000000000000d948 g     DF .text	000000000000031f connect
    000000000000ad30 g     DF .text	000000000000022a execve
    0000000000004010 g     DF .init	0000000000000000 _init
    000000000000cf70 g     DF .text	0000000000000812 dlopen
    000000000000cdc0 g     DF .text	00000000000001a8 dlsym
    000000000000f480 g     DF .text	00000000000002b0 fopen
    000000000000f9e0 g     DF .text	00000000000001fd fclose
    000000000000ff90 g     DF .text	00000000000003a1 open64
    0000000000069fd8 g     DF .fini	0000000000000000 _fini
    0000000000004c70 g     DF .text	000000000000007d ruxitBareMetalLog
    000000000000fbe0 g     DF .text	00000000000003a1 open
    0000000000010340 g     DF .text	00000000000001f9 close
    000000000000f730 g     DF .text	00000000000002b0 fopen64

In particular this means, that in case of dlopen calls, instead of
standard sequence where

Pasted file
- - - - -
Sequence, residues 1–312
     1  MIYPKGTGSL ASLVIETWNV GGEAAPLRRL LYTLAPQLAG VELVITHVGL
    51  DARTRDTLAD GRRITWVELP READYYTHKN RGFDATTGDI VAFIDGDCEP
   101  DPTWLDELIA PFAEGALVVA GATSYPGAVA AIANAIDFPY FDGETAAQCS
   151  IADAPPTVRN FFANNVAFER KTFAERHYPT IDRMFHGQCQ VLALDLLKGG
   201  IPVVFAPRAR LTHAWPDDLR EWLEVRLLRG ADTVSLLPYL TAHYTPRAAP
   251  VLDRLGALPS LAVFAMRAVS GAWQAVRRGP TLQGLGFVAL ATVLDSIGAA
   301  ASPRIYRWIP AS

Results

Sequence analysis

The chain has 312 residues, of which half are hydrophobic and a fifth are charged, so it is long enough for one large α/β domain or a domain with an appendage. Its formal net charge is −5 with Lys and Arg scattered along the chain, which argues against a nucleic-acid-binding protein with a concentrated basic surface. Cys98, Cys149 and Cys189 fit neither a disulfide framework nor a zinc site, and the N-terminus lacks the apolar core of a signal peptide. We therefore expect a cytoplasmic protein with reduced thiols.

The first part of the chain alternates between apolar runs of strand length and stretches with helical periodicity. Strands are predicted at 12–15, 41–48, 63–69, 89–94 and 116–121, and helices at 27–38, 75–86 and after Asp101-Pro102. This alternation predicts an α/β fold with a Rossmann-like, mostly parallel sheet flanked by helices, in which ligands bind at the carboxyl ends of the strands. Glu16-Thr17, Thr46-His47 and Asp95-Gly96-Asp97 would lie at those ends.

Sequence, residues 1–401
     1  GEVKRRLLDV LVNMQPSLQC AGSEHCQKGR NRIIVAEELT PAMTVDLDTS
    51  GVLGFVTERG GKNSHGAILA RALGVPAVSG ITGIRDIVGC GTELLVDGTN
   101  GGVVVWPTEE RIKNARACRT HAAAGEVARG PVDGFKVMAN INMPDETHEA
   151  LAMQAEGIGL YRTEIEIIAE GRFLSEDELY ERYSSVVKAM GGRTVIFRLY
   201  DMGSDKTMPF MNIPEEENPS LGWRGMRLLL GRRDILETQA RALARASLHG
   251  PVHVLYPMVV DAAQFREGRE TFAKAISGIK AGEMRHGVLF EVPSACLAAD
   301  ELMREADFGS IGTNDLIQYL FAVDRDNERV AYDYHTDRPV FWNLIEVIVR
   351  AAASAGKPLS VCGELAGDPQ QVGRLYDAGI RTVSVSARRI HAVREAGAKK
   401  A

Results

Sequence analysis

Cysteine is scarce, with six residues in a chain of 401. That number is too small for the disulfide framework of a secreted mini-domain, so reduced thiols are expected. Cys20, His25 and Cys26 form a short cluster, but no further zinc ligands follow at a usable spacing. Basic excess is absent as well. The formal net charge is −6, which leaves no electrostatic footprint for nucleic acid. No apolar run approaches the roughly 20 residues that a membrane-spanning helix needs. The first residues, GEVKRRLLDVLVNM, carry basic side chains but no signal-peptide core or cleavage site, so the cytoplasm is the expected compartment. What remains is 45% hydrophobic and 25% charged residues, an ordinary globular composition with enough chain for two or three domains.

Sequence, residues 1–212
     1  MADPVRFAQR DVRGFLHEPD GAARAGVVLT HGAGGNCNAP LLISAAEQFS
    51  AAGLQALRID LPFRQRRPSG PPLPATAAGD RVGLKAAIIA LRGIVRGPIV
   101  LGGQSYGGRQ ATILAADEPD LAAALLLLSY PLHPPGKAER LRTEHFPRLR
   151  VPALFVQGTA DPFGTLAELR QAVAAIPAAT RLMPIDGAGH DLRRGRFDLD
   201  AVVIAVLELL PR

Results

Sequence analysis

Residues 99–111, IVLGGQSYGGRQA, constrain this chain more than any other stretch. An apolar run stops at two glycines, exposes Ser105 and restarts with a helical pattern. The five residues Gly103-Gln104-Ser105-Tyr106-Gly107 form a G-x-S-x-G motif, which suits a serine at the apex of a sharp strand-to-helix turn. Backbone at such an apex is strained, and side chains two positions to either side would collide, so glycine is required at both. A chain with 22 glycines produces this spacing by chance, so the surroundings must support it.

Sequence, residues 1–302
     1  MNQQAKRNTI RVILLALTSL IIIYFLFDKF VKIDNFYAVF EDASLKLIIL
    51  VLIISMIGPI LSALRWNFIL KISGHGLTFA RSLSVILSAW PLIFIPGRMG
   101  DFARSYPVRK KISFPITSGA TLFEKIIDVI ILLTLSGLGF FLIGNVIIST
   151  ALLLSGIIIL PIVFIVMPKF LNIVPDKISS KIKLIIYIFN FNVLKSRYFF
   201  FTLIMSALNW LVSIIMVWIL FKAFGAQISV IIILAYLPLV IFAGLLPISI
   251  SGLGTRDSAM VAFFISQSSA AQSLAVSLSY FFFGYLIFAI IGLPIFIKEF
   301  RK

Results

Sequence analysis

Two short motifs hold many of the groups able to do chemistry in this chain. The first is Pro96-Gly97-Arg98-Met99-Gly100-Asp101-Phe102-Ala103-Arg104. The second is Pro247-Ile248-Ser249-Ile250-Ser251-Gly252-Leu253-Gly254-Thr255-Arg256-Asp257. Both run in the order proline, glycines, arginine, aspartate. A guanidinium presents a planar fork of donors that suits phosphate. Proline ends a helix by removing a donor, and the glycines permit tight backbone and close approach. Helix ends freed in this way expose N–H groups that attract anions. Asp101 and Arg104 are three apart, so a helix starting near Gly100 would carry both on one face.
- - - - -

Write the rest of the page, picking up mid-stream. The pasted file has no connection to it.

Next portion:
(my program or library)
now I have
    (my program or library)

Now: glibc.dlopen inspects RPATH of *the calling executable*.

In normal case, the calling executable is my program or library,
which has RPATH/RUNPATH set, so dlopen considers this setting,
and finds my library

With liboneagentproc preloaded, the calling executable is, which of course doesn't have my runpath set. So
dlopen doesn't consider any rpath and doesnt find my library.

Example program

This repo contains simple example program (exe doing dlopen). To run
the example, just execute


On system without dynatrace it prints:

    ===> Compiling lib
    ===> Compiling prog_linked
    ===> Compiling prog_dlopening
    ===> Running prog_linked
    Hello from program
    Hello from MyLib